3. THE LONDON FILM SCENE: Prize-Winning Movie a Problem to Its Producer -- Money-Maker -- Addenda By STEPHEN WATTS . New York Times 16 May 1954: X5.
  4. BY WAY OF REPORT: MAYHEM AND ROMANCE By A.H. WEILER. New York Times 6 May 1951: X5.
  5. HEDDA HOPPER: Donald O'Connor Goes to Metro for 'Melvin' Los Angeles Times 31 Jan 1952: 14.
  6. De Carlo, Yvonne; Warren, Doug (1987). Yvonne : an autobiography. St Martins Press. p. 174.
  7. Guinness Credits Success to Luck Scheuer, Philip K. Los Angeles Times (1923-Current File); Los Angeles, California [Los Angeles, Calif]23 Oct 1955: D1.
  8. Looking at Hollywood: Tracy a Bored Husband in 'Flight to Islands' HEDDA HOPPER'S STAFF. Chicago Daily Tribune 28 Oct 1952: b3.
  10. "DON IDDON'S AMERICAN DIARY". The Advertiser. 96 (29, 834). Adelaide. 28 May 1954. p. 2. Retrieved 22 October 2017 via National Library of Australia.
  11. De Carlo p 175
  12. "DON IDDON'S New York Diary". The Sun (13795). New South Wales, Australia. 29 April 1954. p. 26 (LATE FINAL EXTRA). Retrieved 22 October 2017 via National Library of Australia.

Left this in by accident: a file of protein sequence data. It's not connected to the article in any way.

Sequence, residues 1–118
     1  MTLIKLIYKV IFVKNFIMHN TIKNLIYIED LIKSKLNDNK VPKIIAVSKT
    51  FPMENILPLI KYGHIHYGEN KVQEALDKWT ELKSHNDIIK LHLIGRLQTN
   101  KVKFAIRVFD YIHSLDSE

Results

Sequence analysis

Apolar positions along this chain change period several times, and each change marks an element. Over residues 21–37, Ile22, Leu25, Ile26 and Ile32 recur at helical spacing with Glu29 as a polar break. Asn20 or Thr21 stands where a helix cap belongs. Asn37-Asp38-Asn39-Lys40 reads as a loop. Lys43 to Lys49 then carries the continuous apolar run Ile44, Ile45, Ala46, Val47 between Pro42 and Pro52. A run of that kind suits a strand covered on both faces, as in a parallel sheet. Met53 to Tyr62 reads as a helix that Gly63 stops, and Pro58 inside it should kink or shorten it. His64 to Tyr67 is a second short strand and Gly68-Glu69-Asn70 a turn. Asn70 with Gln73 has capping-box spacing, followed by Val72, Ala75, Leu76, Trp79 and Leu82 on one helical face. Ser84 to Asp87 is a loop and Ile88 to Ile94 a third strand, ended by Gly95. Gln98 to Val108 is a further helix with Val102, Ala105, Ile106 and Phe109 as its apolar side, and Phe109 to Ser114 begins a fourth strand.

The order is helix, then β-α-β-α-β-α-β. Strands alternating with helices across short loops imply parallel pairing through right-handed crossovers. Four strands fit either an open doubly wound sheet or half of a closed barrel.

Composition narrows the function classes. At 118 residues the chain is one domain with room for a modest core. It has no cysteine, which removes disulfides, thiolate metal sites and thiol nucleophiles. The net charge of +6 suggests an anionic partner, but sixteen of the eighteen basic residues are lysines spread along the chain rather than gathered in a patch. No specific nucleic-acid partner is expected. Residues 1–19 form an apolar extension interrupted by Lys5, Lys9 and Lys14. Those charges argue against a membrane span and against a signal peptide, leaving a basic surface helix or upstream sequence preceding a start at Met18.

13. "Sees herself as a new Jean Arthur". Sunday Mail. Queensland, Australia. 13 December 1953. p. 33. Retrieved 22 October 2017 via National Library of Australia.
  14. "Adultery vs Bigamy". Variety. 7 October 1953. p. 7.
  15. Alec Guinness Film Banned In Maryland The Washington Post 25 Nov 1953: 33.
  16. "Film Censorship Gets Rude Jolts". Newcastle Morning Herald and Miners' Advocate (24, 123). New South Wales, Australia. 30 January 1954. p. 5. Retrieved 22 October 2017 via National Library of Australia.
  17. "Alec Guinness Now Money Star in US". Variety. 13 January 1954. p. 2.
  18. "Academy Awards Database: The Captain's Paradise". Retrieved 17 April 2015.